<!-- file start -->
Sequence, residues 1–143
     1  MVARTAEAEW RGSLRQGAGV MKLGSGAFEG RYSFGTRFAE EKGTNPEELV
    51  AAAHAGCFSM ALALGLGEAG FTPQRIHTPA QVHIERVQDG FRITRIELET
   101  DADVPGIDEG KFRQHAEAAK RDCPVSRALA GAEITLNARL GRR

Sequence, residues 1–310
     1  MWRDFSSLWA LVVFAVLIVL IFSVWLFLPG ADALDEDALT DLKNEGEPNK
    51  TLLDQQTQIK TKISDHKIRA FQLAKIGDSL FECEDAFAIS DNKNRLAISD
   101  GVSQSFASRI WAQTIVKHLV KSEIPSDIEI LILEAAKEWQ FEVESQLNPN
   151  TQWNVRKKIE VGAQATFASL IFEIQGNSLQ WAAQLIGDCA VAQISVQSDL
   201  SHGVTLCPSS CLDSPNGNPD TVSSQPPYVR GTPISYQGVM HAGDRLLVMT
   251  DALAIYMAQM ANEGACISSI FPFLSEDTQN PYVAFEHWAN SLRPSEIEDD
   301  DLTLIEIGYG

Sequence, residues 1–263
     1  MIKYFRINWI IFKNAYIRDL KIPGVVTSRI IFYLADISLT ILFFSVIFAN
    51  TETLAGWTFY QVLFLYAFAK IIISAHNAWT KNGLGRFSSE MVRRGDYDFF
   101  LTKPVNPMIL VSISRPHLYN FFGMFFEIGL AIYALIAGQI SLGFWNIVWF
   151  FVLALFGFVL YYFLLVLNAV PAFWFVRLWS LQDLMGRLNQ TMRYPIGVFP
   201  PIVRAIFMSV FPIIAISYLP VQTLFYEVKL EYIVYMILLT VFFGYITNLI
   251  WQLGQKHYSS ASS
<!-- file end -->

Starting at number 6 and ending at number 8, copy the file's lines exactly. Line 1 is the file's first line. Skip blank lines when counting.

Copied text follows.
     1  MWRDFSSLWA LVVFAVLIVL IFSVWLFLPG ADALDEDALT DLKNEGEPNK
    51  TLLDQQTQIK TKISDHKIRA FQLAKIGDSL FECEDAFAIS DNKNRLAISD
   101  GVSQSFASRI WAQTIVKHLV KSEIPSDIEI LILEAAKEWQ FEVESQLNPN